• My ISP now offers 10Mb/s connections. This year, they will be moving everyone to 10Mb/s and charging based on transfer caps instead of connection speed. This is more than ample to deliver DVD-quality H.264. Since I rarely watch a film more than once, I would much prefer DVD-quality on-demand to HD after a day or two's wait while a disk is delivered.
          • Well, most HD-DVD consumers would want HD, not DVD (otherwise, what's the point of the discussion, of killing Blu-Ray? Blu-Ray and downloadable DVD are non-overlapping market niches).

            Also, even if ISP's can offer peak download speeds, it doesn't mean that they're ready for the market to switch to everyone downloading their video content. eg. cable modems in particular share their last-mile bandwidth limits. And further upstream, ISP's aren't necessarily prepared for a 10x jump in bandwidth consumption.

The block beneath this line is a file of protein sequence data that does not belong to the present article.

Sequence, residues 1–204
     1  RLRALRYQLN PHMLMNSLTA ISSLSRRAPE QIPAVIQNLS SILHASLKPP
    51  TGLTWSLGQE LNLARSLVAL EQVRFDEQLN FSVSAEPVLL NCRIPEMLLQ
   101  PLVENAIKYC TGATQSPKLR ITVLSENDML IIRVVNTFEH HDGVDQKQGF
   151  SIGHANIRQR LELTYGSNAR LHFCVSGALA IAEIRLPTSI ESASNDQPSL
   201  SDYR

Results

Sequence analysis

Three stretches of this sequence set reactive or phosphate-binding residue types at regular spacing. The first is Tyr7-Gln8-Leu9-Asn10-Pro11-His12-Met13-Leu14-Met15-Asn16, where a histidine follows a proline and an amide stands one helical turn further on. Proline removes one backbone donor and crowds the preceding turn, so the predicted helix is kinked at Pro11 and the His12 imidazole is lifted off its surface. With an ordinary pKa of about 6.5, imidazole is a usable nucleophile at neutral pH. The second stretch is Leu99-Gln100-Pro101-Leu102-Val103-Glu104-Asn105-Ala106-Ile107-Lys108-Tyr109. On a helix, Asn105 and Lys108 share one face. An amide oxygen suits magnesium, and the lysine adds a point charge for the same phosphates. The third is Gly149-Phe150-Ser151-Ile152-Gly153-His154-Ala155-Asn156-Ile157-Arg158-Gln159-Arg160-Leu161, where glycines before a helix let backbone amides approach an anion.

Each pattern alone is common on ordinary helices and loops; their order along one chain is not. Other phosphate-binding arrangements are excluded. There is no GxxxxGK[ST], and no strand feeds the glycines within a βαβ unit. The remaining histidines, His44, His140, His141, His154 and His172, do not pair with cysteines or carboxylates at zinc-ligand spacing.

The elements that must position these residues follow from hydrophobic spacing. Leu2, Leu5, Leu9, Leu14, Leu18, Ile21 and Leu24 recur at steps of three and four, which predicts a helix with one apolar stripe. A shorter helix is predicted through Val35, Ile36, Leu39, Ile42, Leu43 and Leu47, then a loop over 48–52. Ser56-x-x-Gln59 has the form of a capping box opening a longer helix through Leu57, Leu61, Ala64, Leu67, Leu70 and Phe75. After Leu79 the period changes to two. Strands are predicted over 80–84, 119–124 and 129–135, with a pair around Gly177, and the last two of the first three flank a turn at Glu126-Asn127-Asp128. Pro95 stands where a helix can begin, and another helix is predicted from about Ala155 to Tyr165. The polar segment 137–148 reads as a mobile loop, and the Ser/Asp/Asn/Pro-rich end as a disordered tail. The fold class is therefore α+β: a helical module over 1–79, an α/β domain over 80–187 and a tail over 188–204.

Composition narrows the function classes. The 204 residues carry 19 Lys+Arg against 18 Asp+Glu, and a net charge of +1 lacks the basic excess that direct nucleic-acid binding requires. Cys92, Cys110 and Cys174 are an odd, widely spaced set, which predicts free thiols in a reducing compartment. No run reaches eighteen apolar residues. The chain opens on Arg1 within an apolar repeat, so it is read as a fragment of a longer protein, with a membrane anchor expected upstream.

• Microsoft is supporting HDDVD because HDDVD allows for managed copies. Bluray does not support managed copy.
    • Interesting theory, but wrong on its face. All the codecs in question (MPEG-2, VC-1, H.264) are fully and publically documented. Picking one over the other wouldn't help or hurt piracy.

      Well, it has been suggested that one of the reasons that Blu-ray used MPEG-2 is that they were assuming they'd get the 50 GB dual-layer format working much easier than they had, so they could use the least efficient codec, meaning any rip from the disc would be unweildy in size. Which is really Sony shooting themselves in th